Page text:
- By Sophia Hahn
- Published: April 8th, 2014
Falwell announces possible civic center
President Jerry Falwell announced at a faculty meeting Wednesday, April 2, that Liberty University has presented a draft proposal to Lynchburg officials for a civic center.
According to the press release, the proposal could serve as an outline for an agreement between the city and Liberty.
“The proposal calls for the university to pay for its use of and to finance the construction of a new regional civic center on Candlers Mountain Road near its juncture with the U.S.460/U.S. 29 bypass,” according to the release.
Liberty would provide the land for the structure, but the city would own and maintain the facility, the proposal reports. Liberty would also be under a long-term lease for 40 – 45 events per year, which include men’s basketball and hockey as well as concerts and special events, but the Vines Center would continue to hold Convocation and smaller events.
“For Liberty, (it’s) a question of whether to invest in upgrading the Vines Center — adding seats, an upper deck, connecting Vines to the new parking deck with sheltered pedestrian walkways and adding ice for hockey games — or contributing to the new civic center in return for the rights to use it,” Falwell said.
“The cost is about the same, so we decided to give the city an opportunity to create a shared civic center.”
According to a survey taken by Regional Renaissance a couple years ago, building a civic center for Lynchburg is a top regional priority.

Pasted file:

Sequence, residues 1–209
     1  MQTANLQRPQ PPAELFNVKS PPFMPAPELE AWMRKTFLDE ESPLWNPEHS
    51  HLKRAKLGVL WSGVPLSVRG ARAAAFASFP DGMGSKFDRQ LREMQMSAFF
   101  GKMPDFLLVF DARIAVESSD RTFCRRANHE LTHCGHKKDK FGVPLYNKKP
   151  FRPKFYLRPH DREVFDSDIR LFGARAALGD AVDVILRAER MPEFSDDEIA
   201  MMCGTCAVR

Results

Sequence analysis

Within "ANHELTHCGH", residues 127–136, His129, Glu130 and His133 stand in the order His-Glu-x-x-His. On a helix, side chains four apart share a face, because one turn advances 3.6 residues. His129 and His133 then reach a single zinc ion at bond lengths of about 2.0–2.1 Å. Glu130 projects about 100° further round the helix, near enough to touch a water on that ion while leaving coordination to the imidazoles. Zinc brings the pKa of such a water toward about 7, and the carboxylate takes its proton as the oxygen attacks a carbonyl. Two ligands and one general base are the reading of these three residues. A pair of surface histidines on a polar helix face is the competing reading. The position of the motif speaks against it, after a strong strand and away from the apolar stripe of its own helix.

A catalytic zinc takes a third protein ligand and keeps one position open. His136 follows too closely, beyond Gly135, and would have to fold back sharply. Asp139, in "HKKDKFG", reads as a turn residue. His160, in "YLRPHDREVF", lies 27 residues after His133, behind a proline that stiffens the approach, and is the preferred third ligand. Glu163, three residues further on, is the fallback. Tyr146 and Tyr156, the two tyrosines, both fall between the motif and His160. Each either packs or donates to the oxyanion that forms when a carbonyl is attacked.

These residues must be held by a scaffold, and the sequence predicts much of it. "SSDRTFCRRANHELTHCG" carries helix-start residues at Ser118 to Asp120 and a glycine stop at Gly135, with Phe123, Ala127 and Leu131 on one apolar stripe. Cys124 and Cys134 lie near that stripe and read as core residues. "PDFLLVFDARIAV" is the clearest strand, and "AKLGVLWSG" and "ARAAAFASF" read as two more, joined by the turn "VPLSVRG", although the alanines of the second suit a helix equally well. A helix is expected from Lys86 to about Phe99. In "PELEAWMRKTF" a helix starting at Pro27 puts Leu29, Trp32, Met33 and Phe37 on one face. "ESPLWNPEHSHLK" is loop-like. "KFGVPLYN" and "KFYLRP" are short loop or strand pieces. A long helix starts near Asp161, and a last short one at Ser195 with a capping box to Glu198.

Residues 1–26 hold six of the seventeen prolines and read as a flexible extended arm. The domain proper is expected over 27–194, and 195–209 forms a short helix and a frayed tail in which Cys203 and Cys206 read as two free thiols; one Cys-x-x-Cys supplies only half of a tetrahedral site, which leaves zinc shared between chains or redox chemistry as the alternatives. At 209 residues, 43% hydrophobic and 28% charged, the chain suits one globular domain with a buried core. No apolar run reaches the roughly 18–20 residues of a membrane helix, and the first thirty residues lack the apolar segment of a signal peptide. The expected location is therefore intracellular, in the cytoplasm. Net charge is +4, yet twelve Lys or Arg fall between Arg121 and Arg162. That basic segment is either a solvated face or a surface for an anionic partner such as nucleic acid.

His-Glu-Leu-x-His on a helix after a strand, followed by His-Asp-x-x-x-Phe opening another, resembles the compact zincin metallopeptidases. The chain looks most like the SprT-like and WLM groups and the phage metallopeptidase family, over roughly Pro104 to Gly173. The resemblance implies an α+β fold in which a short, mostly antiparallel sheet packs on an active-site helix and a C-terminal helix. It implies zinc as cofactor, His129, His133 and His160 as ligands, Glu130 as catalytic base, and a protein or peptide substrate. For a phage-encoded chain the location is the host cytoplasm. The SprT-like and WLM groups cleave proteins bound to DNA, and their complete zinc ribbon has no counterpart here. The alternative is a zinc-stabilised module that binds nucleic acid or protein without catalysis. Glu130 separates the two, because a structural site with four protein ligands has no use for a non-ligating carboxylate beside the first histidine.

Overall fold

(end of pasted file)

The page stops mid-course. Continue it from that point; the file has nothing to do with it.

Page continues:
“Many cities the size of Lynchburg — and even smaller cities — have built civic centers without the benefit of a major anchor tenant like Liberty University,” Falwell said in the report. “This project would greatly benefit both Liberty and the local community in my view.”
In the future, the Liberty administration aspires to have its athletic teams make the jump to a larger athletic conference that is part of the NCAA’s Football Bowl Subdivision, which would draw a larger audience to other sporting events, the report states. Because of this, a civic center would better serve as an athletic facility to accommodate the growing crowd for sports other than football.
“Liberty has other options in its master plans to accommodate the projected growth in its athletic programs,” Falwell said in the report. “While the amount that Liberty is willing to pay for the construction and use of the new arena is limited to an amount that is roughly equal to what it would cost Liberty to build and renovate facilities on campus to meet its needs, the university wanted to give the local community the opportunity to create this shared facility. With the Roanoke area’s two civic centers aging, the timing may be right for Lynchburg to bring home many cultural and entertainment events that local residents have historically had to drive out of town to attend.”
The report explains that the civic center would be built on the fields in front of Thomas Road Baptist Church (TRBC) instead of the old Sears location in the River Ridge Mall. This was decided because traffic and road improvements at Sears would be much more expensive than at TRBC.
According to the press release, if the project is accepted, TRBC and possibly Liberty Christian Academy would be relocated to the property owned by Liberty at the new Odd Fellows Road interchange or in Campbell County.